Poxa Lalo, me desculpe se estou estressando voc&ecirc; com esse neg&oacute;cio de lim&atilde;o e lima e tudo mais. Realmente somente uma caipirinha para desestressar nessas horas. Voc&ecirc; est&aacute; certo Lim&atilde;o e Lima n&atilde;o s&atilde;o a mesma coisa. .Mas os americanos, esses loucos que trocam o nome de todas as coisas cisma em chamar de lime o Citrus latifolia (yu. tanaka) tanaka ) e chamam de lemon o Citrus xlimon. Para complicar, esses gringos ainda chamam de Key Lime o Citrus aurantifolia, e de Mandarin Lime o Citrus limonia Osbeck. <br><br>Citrus xlimon (lima)<br>http://en.wikipedia.org/wiki/Lemon<br>http://plants.usda.gov/java/profile?symbol=CILI5<br>http://pt.wikipedia.org/wiki/Lima_%28fruta%29<br><br>Citrus latifolia (yu. tanaka) tanaka <br>http://en.wikipedia.org/wiki/Lime_%28fruit%29<br>http://pt.wikipedia.org/wiki/Lim%C3%A3o<br><br>Citrus aurantifolia<br>http://pt.wikipedia.org/wiki/Lima-da-p%C3%A9rsia<br>http://en.wikipedia.org/wiki/Key_lime<br><br>Citrus Limonia Osbeck<br>http://www.citrusvariety.ucr.edu/citrus/limacriolla.html<br>http://www.citrolima.com.br/portaenxertos/limaocravo.htm<br><br>Um grande abra&ccedil;o!!<br>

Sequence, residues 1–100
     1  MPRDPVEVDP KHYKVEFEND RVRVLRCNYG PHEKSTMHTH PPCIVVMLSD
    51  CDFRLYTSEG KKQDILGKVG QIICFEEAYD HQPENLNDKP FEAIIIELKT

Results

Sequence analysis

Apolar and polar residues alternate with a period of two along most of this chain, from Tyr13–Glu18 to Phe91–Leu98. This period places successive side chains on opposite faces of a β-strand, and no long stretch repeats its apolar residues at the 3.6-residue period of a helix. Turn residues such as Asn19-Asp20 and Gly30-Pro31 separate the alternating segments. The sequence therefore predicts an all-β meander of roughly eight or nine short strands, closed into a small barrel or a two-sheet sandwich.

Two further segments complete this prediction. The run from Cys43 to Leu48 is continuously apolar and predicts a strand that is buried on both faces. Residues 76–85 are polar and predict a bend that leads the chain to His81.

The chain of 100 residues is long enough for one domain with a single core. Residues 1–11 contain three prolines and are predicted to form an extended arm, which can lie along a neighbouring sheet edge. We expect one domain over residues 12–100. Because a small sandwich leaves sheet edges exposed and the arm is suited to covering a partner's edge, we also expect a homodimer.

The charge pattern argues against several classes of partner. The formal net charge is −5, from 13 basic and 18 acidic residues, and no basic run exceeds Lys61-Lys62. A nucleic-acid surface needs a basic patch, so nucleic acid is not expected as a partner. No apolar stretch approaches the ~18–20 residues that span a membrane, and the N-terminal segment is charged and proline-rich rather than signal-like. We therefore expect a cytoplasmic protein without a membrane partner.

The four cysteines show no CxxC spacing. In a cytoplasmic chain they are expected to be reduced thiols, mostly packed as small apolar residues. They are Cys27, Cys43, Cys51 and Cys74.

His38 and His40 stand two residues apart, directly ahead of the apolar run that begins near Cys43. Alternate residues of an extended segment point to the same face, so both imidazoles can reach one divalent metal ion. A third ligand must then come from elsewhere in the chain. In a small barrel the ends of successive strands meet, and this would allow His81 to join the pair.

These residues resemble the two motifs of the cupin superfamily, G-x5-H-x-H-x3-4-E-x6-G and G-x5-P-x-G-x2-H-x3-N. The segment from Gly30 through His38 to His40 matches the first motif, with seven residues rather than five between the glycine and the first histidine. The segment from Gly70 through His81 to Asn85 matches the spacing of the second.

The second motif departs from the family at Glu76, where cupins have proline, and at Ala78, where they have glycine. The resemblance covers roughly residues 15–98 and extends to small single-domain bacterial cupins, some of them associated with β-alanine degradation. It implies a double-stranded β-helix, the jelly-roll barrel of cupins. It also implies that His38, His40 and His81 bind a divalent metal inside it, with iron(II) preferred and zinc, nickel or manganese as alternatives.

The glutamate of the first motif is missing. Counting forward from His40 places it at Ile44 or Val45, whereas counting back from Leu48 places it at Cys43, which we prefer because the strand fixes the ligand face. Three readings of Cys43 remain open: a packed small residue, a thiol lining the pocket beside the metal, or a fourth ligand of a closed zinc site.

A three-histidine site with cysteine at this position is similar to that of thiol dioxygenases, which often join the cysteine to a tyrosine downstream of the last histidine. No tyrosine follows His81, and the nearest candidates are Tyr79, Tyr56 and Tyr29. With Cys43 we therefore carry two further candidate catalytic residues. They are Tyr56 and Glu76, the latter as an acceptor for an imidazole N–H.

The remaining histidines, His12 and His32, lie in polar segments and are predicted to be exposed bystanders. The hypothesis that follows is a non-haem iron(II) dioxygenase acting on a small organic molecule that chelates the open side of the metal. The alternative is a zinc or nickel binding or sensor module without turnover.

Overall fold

Actually man, The lemons make the drink wayy too bitter. The best way to do it would be to peel off a lime, then slice it and crush it with a pestle. And the real one uses limes, but in brazil, we call them &quot;Lim&atilde;o&quot; and what you guys call lemons we call &quot;Lima&quot;.